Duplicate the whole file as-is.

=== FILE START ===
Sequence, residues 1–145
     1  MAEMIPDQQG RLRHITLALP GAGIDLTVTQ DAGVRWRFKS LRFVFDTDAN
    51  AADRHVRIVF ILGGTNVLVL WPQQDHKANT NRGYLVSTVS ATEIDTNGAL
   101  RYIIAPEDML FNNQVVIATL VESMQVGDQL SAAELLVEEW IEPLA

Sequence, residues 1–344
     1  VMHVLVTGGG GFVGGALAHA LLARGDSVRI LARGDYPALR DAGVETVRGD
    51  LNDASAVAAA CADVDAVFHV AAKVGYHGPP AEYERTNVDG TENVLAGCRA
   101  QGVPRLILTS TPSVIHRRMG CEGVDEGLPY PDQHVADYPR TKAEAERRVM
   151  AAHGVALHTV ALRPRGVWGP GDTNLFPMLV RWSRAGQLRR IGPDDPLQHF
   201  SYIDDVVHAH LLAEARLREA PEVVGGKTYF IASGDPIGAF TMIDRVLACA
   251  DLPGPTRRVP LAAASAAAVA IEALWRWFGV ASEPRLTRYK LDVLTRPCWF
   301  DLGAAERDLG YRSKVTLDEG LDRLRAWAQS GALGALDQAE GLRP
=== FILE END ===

Sequence, residues 1–145
     1  MAEMIPDQQG RLRHITLALP GAGIDLTVTQ DAGVRWRFKS LRFVFDTDAN
    51  AADRHVRIVF ILGGTNVLVL WPQQDHKANT NRGYLVSTVS ATEIDTNGAL
   101  RYIIAPEDML FNNQVVIATL VESMQVGDQL SAAELLVEEW IEPLA

Sequence, residues 1–344
     1  VMHVLVTGGG GFVGGALAHA LLARGDSVRI LARGDYPALR DAGVETVRGD
    51  LNDASAVAAA CADVDAVFHV AAKVGYHGPP AEYERTNVDG TENVLAGCRA
   101  QGVPRLILTS TPSVIHRRMG CEGVDEGLPY PDQHVADYPR TKAEAERRVM
   151  AAHGVALHTV ALRPRGVWGP GDTNLFPMLV RWSRAGQLRR IGPDDPLQHF
   201  SYIDDVVHAH LLAEARLREA PEVVGGKTYF IASGDPIGAF TMIDRVLACA
   251  DLPGPTRRVP LAAASAAAVA IEALWRWFGV ASEPRLTRYK LDVLTRPCWF
   301  DLGAAERDLG YRSKVTLDEG LDRLRAWAQS GALGALDQAE GLRP